Biological Foundations 112, Lecture 5

Monocot Stems

Chapter 31, pages 668-691
Plant Anatomy-2  28:03-33:32

I.   Herbaceous Monocot Stems

     A.   Differences between monocots and dicots in stem structure:

            1.   Monocots

                  a.   Procambial strands scattered throughout the ground meristem

                  b.   No vascular cambium

                  c.   Vascular bundles closed to secondary growth

            2.   Dicots

                  a.   Procambial strands in a ring in the ground meristem

                  b.   Vascular cambium present

                  c.   Vascular bundles open to secondary growth

      B.   General structure of monocot stems

             1.  Epidermis

             2.  Strengthening tissue, either collenchyma or fibers, just under the epidermis

             3.   Ground parenchyma

             4.   Vascular bundles scattered throughout the ground parenchyma

             5.   No pith, pith ray, or cortex regions, only ground parenchyma

             6.   Stomata usually occur in the epidermis

      C.   Detailed look at the monocot stem cross section of monocot stem, vascular bundle

             1.   Vascular bundles

                    a.   The general morphology is like a "human face"

                          (1)  The eyes, nose, cheeks, and mouth make up the xylem

                          (2)  The forehead makes up the phloem

                          (3)  The hair and and the beard make up the bundle cap and bundle sheath

                    b.   Phloem

                          (1)   Sieve tube members

                          (2)   Sieve plates

                          (3)   Companion cells

                    c.   Xylem

                          (1)   Vessels

                                  i.   Usually two per bundle

                                  ii.  Make up the "eyes" of the bundle

                                  iii. Usually quite large and pitted

                          (2)   Air Space - in the position of the "nose"

                          (3)   Tracheids - cells over the "bridge of the nose"

                          (4)    Parenchyma - cells in the "cheek" areas

                    d.   Bundle Cap - cluster of fibers in the "hair" region

                    e.   Bundle Sheath - a layer of fibers that surround the vascular bundle, the
                                                      "beard" region

             2.    Primary growth in monocots

                    a.   All of the above tissues and cells differentiate from the primary meristem tissues

                          (1)  Protoderm - differentiates into the epidermis

                          (2)  Ground Meristem - differentiates into the ground parenchyma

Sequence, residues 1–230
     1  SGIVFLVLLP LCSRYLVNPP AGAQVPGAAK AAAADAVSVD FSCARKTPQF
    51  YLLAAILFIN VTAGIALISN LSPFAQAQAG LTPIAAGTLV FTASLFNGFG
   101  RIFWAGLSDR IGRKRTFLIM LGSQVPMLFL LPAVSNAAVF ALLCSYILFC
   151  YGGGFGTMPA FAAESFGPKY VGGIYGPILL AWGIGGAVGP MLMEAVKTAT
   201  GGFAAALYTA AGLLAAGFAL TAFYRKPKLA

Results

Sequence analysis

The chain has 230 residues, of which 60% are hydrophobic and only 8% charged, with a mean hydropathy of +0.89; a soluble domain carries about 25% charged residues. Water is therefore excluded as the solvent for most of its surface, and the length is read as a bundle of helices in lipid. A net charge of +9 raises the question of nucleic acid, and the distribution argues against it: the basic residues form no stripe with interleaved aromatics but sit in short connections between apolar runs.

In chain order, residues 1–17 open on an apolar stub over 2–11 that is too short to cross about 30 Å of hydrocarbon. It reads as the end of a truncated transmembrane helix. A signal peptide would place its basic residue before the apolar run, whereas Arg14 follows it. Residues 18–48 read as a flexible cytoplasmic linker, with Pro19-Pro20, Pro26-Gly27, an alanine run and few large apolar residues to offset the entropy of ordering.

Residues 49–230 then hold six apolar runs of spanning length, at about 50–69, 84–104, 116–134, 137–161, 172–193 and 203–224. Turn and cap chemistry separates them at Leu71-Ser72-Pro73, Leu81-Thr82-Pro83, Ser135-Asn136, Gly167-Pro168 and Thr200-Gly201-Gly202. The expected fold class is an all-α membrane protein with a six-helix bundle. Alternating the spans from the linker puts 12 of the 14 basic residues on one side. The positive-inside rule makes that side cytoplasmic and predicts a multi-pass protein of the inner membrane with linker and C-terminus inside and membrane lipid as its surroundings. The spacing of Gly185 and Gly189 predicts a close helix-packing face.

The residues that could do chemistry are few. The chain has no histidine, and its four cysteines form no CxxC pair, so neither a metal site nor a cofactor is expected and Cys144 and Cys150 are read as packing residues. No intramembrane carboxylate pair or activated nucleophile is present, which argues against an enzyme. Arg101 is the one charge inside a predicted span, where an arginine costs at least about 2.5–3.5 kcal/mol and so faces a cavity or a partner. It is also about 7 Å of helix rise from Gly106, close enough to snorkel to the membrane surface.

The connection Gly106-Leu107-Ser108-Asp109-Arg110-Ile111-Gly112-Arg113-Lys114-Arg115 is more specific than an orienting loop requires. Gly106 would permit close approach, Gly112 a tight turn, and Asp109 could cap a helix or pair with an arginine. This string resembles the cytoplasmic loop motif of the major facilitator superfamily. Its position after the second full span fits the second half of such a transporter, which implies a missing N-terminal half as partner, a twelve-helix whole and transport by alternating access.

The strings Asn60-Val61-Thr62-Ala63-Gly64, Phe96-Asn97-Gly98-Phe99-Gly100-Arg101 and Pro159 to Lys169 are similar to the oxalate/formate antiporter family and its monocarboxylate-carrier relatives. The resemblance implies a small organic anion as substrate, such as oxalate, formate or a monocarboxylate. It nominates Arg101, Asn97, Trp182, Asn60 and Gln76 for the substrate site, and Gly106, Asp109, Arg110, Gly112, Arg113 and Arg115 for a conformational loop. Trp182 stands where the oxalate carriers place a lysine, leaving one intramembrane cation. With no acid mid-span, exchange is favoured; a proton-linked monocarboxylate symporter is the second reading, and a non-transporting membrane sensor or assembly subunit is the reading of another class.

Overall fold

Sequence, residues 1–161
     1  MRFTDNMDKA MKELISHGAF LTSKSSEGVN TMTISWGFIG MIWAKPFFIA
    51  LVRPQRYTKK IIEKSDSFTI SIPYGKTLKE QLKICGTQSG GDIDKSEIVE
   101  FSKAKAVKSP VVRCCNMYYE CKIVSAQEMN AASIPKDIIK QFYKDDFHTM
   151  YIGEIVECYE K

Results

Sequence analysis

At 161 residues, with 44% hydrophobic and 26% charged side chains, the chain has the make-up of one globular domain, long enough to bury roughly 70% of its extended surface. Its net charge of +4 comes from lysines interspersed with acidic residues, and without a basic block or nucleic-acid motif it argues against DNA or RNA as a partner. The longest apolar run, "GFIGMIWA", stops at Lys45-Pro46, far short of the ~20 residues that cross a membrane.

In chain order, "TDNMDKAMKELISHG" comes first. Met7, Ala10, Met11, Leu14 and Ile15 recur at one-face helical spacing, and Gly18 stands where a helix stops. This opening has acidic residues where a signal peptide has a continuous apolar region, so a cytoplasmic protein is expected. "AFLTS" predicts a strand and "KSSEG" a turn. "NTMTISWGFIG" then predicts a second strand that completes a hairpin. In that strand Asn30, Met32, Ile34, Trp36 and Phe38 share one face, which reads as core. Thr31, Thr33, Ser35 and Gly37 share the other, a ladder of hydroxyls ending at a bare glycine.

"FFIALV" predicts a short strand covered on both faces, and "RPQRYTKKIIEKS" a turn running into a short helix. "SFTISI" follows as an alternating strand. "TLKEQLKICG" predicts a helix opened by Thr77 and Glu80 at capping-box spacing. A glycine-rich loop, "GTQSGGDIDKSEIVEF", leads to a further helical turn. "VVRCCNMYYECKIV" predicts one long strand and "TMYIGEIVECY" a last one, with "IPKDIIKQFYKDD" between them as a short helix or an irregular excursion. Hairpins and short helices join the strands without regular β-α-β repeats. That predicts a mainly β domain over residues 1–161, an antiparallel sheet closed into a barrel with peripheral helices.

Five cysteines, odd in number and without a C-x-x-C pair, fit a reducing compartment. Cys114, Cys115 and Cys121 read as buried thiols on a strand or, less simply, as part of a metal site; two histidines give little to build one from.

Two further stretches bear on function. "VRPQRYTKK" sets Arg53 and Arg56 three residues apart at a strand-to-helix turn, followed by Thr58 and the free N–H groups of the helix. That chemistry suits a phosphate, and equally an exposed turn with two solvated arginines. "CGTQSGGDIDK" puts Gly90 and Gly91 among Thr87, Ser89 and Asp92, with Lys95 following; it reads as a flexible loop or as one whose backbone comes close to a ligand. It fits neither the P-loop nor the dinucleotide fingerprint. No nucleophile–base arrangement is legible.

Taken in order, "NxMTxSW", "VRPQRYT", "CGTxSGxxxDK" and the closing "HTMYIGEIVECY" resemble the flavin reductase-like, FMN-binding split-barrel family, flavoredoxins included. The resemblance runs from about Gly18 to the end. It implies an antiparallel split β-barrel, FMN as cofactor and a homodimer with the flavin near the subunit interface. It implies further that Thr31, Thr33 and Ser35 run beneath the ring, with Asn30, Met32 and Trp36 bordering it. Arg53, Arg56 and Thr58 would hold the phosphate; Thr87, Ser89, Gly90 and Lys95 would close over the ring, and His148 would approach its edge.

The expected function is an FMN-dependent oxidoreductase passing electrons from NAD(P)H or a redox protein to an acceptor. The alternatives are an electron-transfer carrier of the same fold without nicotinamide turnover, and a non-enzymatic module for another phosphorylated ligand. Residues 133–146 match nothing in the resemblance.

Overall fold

(3)  Procambium - differentiates into the vascular bundle

                    b.   In each of the vascular bundles, all the procambium differentiates so that there is
                          no residual procambium left
to further differentiate into a vascular cambium

              3.   Secondary growth in monocots

                    a.   Does not occur

                    b.   There are isolated cases of a form of secondary growth in monocots that is
                          quite different from dicots.  The details of this are greater than we want to
                          pursue in this class. Thus, for the purposes of this class, secondary growth does
                          not occur
in monocots.

              4.   Intercalary Meristem

                    a.   Dormant meristem tissue at the base of the internode

                    b.   Causes intercalary growth - growth in the length of the stem

                    c.   There is always a dominant terminal meristem.  When the terminal meristem is
                          destroyed (as in cutting of grass in your lawn) the most terminal intact
                          intercalary meristem becomes the dominant meristem and the grass begins to
                          grow again.

II.  Modified Stems

      A.   Rhizome - underground root-like stem (perennial rootstock)

      B.   Tuber - very fleshy underground stem (potato)

      C.   Bulb - underground stem with many scales covering it (onion)

      D.   Corm - underground solid bulb-like structure that contains no scales

      E.    Stolon - above ground "runners" (strawberry plants)

      F.    Thorn - stickers or thorns on above ground stems (rose bushes)

      G.   Cladophylls or Cladodes

             1.   Leaf-like stems that contain node and internodes

             2.   May bear flowers, fruits, and temporary leaves

             3.   Examples:  Rucus, Asparagus, Smilax, and various cactus

III. Stem Branching Patterns

      A.   Dichotomous branching - repeated forking

      B.   Monopodial or Excurrent branching - a single main trunk the entire length of the tree
                                                                       with whorled branching at each node, like a
                                                                       pine tree

      C.   Sympodial or Deliquescent branching - a short single main trunk with irregular
                                                                          branching out of the top of the short trunk, like
                                                                          an oak or sycamore tree

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